There is actually a science behind creativity. I am by no means an expert on the subject, but Katie Selvidge, whose podcast I mentioned earlier, is very well-versed in the subject and talks about it in a few episodes.

The class could be an in person class at the local community college or arts center, or there are so many amazign resources for online learning. One of my favorites is Victoria Rothwell’s Design House Prep School - and they will be launching their new semester in just a few weeks!


There are so many books to be read!  Reading can help with creativity in many ways.  You can read to educate yourself - whether it is related to your field or is a completely different subject which may bring a new dimension to your work.  You can read about an inspiring person whose tenacity and what they have overcome inspires you to push forward with something that is difficult or overwhelming.  Lately I have been reading poetry which I have found to be quite inspiring with the beautiful way that the poets can create art with words.

Watch a documentary about another subject

Again, learning about anything new is often a good way to stimulate our creativity,  whether the subject is related to what you do or not. They can broaden our perspective,  inspire us to take action, and provide visual or conceptual inspiration. There is a program on Netflix called Chef’s Table which I find to be incredibly inspiring.  There have been a few episodes especially that left me in awe and wanting to apply similar principles to my own work.


Allow yourself to daydream

As a bit of a dreamer myself, this is one that I love. When you allow yourself the pleasure to let go and daydream without limitations, whether you are designing or a client, need ideas for a new collection, or are brainstorming a new business venture, you may find that you come away with more ideas than you can use.  When you are free to dream up all of the different possibilities - even if some are not realistic, it can help us to flesh out ideas and to then sort through which may and may not be viable. But the exercise of imagining and planning things out in your head can be quite helpful to some people. I know that it is for me.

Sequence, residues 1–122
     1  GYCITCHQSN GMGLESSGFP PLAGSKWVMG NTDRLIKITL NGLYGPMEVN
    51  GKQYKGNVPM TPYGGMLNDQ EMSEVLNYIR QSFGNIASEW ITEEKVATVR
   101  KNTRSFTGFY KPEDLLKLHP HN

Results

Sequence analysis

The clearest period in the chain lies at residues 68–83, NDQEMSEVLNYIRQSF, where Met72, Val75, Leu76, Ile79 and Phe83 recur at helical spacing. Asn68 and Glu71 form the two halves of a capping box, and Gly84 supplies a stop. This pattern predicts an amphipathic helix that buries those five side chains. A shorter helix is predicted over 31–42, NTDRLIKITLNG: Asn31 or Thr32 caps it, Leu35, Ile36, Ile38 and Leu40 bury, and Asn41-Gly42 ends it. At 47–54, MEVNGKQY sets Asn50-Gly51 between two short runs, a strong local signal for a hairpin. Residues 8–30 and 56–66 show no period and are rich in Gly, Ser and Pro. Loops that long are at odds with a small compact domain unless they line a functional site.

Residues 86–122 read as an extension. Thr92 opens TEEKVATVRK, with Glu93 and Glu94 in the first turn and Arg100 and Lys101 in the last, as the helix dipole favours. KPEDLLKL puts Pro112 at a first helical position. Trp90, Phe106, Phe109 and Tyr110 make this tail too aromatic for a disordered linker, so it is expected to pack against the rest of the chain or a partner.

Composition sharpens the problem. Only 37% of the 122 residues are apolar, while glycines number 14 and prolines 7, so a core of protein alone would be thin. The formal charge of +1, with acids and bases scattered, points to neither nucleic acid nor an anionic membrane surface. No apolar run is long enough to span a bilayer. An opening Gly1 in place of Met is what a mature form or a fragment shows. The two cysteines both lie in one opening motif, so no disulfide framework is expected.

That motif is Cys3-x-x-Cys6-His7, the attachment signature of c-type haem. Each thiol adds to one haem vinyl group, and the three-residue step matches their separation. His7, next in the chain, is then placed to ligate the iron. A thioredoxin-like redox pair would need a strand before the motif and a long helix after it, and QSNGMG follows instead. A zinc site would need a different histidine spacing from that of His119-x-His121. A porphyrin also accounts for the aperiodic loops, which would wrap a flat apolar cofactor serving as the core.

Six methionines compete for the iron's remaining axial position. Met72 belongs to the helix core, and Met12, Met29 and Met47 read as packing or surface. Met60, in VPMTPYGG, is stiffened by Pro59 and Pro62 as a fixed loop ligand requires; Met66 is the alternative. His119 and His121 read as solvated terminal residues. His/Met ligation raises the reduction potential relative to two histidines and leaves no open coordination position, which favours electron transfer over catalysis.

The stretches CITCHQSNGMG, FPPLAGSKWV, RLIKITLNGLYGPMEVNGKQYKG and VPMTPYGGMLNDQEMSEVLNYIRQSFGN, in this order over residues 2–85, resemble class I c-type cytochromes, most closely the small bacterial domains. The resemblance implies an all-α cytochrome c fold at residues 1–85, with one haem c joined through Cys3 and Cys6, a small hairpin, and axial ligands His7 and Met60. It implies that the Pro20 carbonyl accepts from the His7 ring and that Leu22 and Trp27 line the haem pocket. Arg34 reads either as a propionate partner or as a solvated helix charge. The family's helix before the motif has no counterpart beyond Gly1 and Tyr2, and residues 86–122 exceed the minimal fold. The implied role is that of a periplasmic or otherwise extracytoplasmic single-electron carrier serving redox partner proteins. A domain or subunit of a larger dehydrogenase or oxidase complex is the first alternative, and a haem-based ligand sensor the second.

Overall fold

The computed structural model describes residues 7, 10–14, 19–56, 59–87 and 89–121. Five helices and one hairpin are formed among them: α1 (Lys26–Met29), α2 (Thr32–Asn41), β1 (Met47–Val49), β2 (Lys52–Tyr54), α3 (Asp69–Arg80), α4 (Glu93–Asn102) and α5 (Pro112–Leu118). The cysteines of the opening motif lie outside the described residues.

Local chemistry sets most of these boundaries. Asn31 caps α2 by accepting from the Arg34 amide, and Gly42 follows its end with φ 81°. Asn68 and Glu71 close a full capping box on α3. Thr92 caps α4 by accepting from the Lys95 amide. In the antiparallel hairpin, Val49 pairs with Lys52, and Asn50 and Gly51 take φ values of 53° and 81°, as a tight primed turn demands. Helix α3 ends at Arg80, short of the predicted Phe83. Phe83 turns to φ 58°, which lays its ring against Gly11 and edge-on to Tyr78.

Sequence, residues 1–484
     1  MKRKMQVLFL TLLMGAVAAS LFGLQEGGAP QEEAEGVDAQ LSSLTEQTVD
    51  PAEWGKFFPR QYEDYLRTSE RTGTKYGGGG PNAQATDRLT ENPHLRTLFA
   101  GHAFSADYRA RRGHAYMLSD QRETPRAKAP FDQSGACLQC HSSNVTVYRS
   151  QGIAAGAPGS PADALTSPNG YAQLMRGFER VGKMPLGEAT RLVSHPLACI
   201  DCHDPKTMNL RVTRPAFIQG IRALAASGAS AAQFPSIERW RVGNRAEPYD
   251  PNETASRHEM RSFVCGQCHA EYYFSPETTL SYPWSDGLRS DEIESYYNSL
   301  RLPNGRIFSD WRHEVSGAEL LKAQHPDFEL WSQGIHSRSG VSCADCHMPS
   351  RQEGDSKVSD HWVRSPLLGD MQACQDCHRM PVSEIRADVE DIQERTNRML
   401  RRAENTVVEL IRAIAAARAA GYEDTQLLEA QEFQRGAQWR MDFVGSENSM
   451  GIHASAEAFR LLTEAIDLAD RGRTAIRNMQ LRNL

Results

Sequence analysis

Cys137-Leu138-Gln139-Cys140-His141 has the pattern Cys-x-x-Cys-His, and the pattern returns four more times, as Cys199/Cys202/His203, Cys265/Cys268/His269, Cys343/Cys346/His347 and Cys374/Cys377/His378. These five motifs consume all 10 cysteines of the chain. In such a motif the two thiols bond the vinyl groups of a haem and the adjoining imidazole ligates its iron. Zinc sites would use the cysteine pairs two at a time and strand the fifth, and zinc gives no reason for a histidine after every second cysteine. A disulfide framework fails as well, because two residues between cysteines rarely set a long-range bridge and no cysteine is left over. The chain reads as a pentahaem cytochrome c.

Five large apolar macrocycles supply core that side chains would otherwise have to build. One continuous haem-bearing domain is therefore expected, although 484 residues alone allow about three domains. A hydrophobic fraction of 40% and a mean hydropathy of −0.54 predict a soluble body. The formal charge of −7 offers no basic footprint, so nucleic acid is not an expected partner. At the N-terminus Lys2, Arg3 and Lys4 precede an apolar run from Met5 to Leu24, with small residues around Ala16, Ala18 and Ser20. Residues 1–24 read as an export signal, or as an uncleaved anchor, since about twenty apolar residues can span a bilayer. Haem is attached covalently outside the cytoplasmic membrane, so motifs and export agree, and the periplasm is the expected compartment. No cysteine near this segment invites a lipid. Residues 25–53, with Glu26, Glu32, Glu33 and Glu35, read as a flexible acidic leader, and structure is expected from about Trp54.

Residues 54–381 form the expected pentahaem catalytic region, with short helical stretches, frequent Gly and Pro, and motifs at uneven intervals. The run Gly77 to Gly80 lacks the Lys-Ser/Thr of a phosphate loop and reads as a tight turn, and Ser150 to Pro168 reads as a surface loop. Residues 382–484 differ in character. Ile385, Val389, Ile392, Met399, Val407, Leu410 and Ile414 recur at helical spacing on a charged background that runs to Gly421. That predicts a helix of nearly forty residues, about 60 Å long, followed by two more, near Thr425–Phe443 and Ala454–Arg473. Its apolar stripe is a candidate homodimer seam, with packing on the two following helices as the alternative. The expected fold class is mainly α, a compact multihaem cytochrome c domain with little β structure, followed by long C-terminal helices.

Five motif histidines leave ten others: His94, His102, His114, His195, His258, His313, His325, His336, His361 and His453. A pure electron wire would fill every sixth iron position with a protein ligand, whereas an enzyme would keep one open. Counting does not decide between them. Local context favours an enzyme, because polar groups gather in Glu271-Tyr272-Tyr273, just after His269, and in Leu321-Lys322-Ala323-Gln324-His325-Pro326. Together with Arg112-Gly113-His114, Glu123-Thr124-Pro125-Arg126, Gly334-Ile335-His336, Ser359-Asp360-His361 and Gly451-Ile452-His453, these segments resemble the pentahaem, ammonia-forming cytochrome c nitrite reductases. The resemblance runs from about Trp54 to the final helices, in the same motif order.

Take photographs

You do not have to have a fancy camera or even be a great photographer to use photography to help with creative inspiration.  Of course if you love photography and want to explore that medium as a creative outlet, it can be very beneficial in several ways.  However, simply taking quick snapshots with your phone camera of things that you find inspiring and using them later for reference or to put a mood board together can be helpful.  I often take snapshots of flowers or leaves that I see while out on a walk with my daughter at all different angles so that later, when it is time to create, I have a wealth of images to look back at either to draw or to help shape the direction of a project.

Keep an idea list

If you are like me, they you often find yourself chinking and coming up with ideas, concepts, fragments of ideas in places other than at my desk in my office.  When I am out on a walk, waiting at the doctor's office, driving to the coast ( actually, riding - my husband usually drives) my mind is often wandering and I often have I have found it helpful to have a place to jot those things down - whether that is physically in a notebook, or in the memo app on my phone.  I can come back to these thoughts later when I am ready to create and they often will help me get started or to remember an idea that I had previously had.

Of course not every one of these will resonate with every person, but I hope that there are a few that may help you to find a new strategy to add to your other methods of staying inspired.

Again, I highly encourage you to listen to The Creative Well podcast - especially episode 2, How to Stay Sharp and Inspired!